A question often asked about competition tyres is: "What is the correct bedding in procedure?"
The answer is quite simple. When a new tyre is first run at race speed, whether slick or treaded, the tread temperature (and therefore the inflation pressure) will increase more than normal. The normal operating temperature for a race tyre is between 60 and 110 degrees C, but at over this range the compound will break down chemically, forming a 'blister'. If this happens in a qualifying situation where the driver may continue trying to improve his times, there is a risk that overheating the tyre may occur. At the very worst that will result in causing a heat blister, but also may permanently affect the tread compounds performance. It is for this reason that the general advice is to bed a tyre in gently the day before it is to be used in anger. this has the effect of avoiding the possibility of this 'heat spike', whilst confirming balance etc.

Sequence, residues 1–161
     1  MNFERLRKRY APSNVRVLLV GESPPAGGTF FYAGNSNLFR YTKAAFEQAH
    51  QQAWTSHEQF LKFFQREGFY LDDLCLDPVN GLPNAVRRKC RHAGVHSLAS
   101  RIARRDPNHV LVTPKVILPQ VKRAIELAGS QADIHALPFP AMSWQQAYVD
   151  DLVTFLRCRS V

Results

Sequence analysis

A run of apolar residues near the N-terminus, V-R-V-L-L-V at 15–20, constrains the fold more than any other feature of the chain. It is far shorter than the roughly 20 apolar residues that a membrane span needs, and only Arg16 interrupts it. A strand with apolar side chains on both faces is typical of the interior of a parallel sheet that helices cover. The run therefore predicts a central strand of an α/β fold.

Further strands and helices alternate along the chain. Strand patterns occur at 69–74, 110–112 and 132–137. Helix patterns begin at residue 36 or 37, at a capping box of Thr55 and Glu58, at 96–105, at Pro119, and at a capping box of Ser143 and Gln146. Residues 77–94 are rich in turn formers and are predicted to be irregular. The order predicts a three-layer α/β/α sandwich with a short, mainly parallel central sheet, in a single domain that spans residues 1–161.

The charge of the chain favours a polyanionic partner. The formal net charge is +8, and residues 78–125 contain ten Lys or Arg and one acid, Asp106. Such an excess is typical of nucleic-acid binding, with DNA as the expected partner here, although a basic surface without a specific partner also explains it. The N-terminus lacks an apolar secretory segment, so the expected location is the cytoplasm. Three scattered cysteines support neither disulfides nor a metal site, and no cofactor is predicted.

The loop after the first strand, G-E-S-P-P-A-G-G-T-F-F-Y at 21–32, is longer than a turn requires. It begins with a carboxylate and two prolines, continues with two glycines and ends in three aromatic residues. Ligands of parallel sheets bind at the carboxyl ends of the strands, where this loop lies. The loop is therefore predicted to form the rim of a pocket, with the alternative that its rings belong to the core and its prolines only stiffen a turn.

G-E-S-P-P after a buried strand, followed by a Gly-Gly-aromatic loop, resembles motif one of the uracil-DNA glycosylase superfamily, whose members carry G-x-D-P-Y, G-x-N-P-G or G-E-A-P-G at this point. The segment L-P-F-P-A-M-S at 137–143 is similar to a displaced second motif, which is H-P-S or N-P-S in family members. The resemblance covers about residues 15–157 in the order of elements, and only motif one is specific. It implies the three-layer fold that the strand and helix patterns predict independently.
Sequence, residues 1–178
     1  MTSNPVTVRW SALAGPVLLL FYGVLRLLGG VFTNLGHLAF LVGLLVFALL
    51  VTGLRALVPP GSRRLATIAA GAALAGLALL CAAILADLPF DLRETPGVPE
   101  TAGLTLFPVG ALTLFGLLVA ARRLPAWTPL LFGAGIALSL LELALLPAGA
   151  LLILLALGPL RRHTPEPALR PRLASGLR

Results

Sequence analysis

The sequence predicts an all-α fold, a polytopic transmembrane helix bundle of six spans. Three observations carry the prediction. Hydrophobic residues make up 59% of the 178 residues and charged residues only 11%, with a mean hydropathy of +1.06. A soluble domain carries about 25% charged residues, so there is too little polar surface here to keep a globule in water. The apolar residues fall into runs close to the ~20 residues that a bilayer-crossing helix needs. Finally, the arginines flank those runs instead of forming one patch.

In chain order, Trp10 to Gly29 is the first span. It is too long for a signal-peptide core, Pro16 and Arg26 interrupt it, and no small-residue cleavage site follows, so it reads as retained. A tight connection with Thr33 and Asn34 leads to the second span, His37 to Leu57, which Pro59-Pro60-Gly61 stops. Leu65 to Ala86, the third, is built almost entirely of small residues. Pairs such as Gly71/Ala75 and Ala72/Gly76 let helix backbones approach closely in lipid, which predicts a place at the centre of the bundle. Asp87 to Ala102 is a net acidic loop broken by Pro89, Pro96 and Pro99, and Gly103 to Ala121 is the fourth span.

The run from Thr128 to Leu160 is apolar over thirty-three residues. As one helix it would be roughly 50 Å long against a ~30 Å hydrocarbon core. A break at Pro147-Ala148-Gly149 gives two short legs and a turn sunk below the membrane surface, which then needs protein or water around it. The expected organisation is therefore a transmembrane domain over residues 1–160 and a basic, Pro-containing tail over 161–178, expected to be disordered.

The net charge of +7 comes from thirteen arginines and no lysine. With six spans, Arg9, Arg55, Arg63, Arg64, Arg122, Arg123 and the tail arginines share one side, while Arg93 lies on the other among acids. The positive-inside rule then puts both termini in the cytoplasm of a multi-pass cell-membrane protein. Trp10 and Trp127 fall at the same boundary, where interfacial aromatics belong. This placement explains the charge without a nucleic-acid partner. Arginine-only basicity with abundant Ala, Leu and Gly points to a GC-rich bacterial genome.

However a tyre's best performance will always be in the first 3 laps of its life, so in circumstances where overheating is unlikely, 'green' tyres can be used for qualifying or race. This is common at the highest levels of International motorsport such as F1 where 'green' tyres are used for qualifying, and then for the race.
There is a growing fashion to 'condition' tyres by heating them artificially, which is claimed to stabilise compound performance and eliminate the need for this bedding procedure. However this does not improve performance, and those precious few 10ths are lost.
In summary, careful bedding in a race tyre the day before it is to be used in anger will not improve its performance. It will only eliminate the risk of damaging the tyre.
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